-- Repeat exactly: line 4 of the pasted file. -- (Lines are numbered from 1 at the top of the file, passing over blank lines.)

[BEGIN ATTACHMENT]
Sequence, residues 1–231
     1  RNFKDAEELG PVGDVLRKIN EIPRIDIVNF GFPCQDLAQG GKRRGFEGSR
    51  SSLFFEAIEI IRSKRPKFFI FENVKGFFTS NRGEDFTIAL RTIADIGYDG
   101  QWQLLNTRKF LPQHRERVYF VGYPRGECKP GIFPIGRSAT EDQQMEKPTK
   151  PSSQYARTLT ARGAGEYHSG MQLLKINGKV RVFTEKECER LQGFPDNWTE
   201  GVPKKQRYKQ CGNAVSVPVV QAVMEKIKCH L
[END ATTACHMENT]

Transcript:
   101  QWQLLNTRKF LPQHRERVYF VGYPRGECKP GIFPIGRSAT EDQQMEKPTK